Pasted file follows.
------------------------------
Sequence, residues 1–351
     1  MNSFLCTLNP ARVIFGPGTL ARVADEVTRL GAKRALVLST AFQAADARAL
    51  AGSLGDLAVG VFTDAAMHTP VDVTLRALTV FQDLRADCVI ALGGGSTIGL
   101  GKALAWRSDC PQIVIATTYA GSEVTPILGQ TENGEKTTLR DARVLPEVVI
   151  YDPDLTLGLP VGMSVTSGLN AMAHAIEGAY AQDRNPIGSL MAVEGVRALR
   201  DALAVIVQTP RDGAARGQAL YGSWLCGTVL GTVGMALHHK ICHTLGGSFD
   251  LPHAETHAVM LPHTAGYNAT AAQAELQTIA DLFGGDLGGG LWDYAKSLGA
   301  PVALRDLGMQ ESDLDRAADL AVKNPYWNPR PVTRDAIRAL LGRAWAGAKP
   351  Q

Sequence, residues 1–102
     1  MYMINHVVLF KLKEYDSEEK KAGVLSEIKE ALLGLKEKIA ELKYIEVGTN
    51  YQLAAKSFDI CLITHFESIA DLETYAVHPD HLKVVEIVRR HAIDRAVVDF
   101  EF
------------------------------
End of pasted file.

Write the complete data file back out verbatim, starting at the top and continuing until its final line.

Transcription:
Sequence, residues 1–351
     1  MNSFLCTLNP ARVIFGPGTL ARVADEVTRL GAKRALVLST AFQAADARAL
    51  AGSLGDLAVG VFTDAAMHTP VDVTLRALTV FQDLRADCVI ALGGGSTIGL
   101  GKALAWRSDC PQIVIATTYA GSEVTPILGQ TENGEKTTLR DARVLPEVVI
   151  YDPDLTLGLP VGMSVTSGLN AMAHAIEGAY AQDRNPIGSL MAVEGVRALR
   201  DALAVIVQTP RDGAARGQAL YGSWLCGTVL GTVGMALHHK ICHTLGGSFD
   251  LPHAETHAVM LPHTAGYNAT AAQAELQTIA DLFGGDLGGG LWDYAKSLGA
   301  PVALRDLGMQ ESDLDRAADL AVKNPYWNPR PVTRDAIRAL LGRAWAGAKP
   351  Q

Sequence, residues 1–102
     1  MYMINHVVLF KLKEYDSEEK KAGVLSEIKE ALLGLKEKIA ELKYIEVGTN
    51  YQLAAKSFDI CLITHFESIA DLETYAVHPD HLKVVEIVRR HAIDRAVVDF
   101  EF